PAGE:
Many different math questions have very predictable traps: the mistake that a large number of test takers routinely make, time and time again.  GMAT problems always have answer choices that reflect these traps: in some cases, it’s as if the GMAT simply sets up a trap answer like a big butterfly net, and they watch hordes of test takers run headlong into it.  For every such trap you learn to recognize and avoid, you will be that much ahead of so many other test takers.

One big trap involves a sequence of percent increases & decreases.  There are a few common ones involving fractions.  Still more involve exponent properties and powers.  Some very common ones involve incorrect variations on three basic algebra formulas.  Here’s a post on the most common math mistakes.


Avoid one

Avoid picking 1 as a value for a variable.  The reason is: one has so many special properties that no other number has.   For example, all powers of 1 equal one: one is the only number that has this particular property.  Think if you had to distinguish choices involving different powers of that variable: picking one for the value would make all the power equal the same thing, making it impossible to distinguish which answers should be eliminated.  One is often the worst possible choice.

The only exception to this is — sometimes, it’s worthwhile to pick very easy numbers, like 1 and 2, just to do a very quick elimination of a couple of answers.  If that’s your goal, 1 can be a perfectly acceptable choice on a first pass.  It will never be a choice that eliminate everything, but if your goal is to begin by eliminating low-hanging fruit, then by all means pick it.


To pick or not to pick

Finally, let’s step back.  Why do folks pick numbers for problems with variable?  One reason is that sometimes, quite rarely, one can either eliminate many answers or even get to a single right answer very quickly by picking numbers.  Most often, though, this is not the case.  In fact, often it’s much quicker and much easier to do the algebra directly.  After all, this is precisely why mathematicians invented algebra in the first place: it’s a powerful efficient problem solving system.

Most of the time, most habitual number-pickers are choosing this strategy, not because it’s necessarily faster or easier or more efficient or better in any particular way, but simply because these folks are absolutely petrified of algebra.  For these folks, algebra is a fire-breathing dragon, and folks will do anything, no matter how awkward or cumbersome, simply to avoid facing that dragon.   If this describes you, then I have some hard medicine for you: do algebra.  From this point forward, in any problem with variable, you are forbidden to pick numbers, and you must practice the algebra.  You see, for the GMAT, you will have to know some algebra, and the only way you get better at algebra is by practicing it at every opportunity you can get.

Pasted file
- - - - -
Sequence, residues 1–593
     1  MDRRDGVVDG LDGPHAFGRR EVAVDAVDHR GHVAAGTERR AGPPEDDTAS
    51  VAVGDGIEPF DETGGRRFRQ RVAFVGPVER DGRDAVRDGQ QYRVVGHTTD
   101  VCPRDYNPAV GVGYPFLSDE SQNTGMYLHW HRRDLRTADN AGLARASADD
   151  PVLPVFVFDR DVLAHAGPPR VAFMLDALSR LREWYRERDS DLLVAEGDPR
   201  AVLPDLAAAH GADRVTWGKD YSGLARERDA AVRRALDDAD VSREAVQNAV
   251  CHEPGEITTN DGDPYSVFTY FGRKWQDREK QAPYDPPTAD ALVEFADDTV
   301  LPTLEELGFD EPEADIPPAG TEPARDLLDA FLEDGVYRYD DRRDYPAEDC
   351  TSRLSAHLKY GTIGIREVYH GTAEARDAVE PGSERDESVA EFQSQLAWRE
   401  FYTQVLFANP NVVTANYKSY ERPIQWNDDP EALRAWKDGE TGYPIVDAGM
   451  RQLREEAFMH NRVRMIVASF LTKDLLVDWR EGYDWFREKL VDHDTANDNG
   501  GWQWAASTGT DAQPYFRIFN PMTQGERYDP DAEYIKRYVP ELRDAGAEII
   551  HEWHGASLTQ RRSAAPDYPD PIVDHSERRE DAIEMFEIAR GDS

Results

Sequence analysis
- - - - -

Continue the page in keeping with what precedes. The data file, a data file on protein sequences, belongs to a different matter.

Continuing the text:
If you had any flashes of insight while reading this article and exploring the links, you may want to give the questions at the top another look.   Here’s another problem of another sort, from inside Magoosh:


Finally, if you have any questions, please let us know in the comments section at the bottom.


Practice problem explanations

1) First of all, let’s talk about the trap.  Even if you don’t learn how to solve this problem, learn to recognize this trap, possibly the single most enticing trap on the entire GMAT.  When a percent increase or decrease is followed by another percent increase or decrease, you cannot simply add or subtract the two percents.  If you increase something by 40% and then decrease it by 30%, that is absolutely NOT a 10% increase.   That is the trap answer to which hordes of GMAT test takers are drawn like bugs to a bug zapper.

Problems are this sort are not ones on which I would recommend picking numbers at all.  Instead, I would recommend using multipliers for the percent changes.  The multiplier for a 40% increase would be (1 + 0.40) = 1.40.  The multiplier for a 30% decrease would be (1 – 0.30) = 0.70.  The net effect of both would be

Final price = (1.40)*(0.70)*P = 0.98*P

Answer = (E)

Even though it’s not as efficient, here’s a picking-numbers approach, just so you can see how the numbers play out. Let p = $1000.   This increases by 40%, to $1400.  Now, this is going to decrease by 30% — but notice!  It decreases not by 30% of the original, $1000; rather, it decrease by 30% of the new price, $1400.  After the 40% increase, the price of $1000 doesn’t even exist anymore: the only price that exists at that point is the $1400 price; that’s what decreases by 30%.  Well, 10% of $1400 is $140, and so, 30% = 3*10% = 3*$140 = $420.  The price decrease to $1400 – $420 = $980, which is 98% of P or 0.98*P.

2) This is a /”must be true” problem.  First of all, remember that if the product of two numbers is positive, either both are positive or both are negative.  Since we want something that “must be greater than zero”, i.e. must be positive, I am going to pick negative numbers for my values of x & y.  Probably all five answer choices would be positive if I picked to positive numbers.  I am going to pick negatives, because any answer choice that winds up negative will be something I can eliminate, and on “must be true” problem, my goal is to eliminate answers.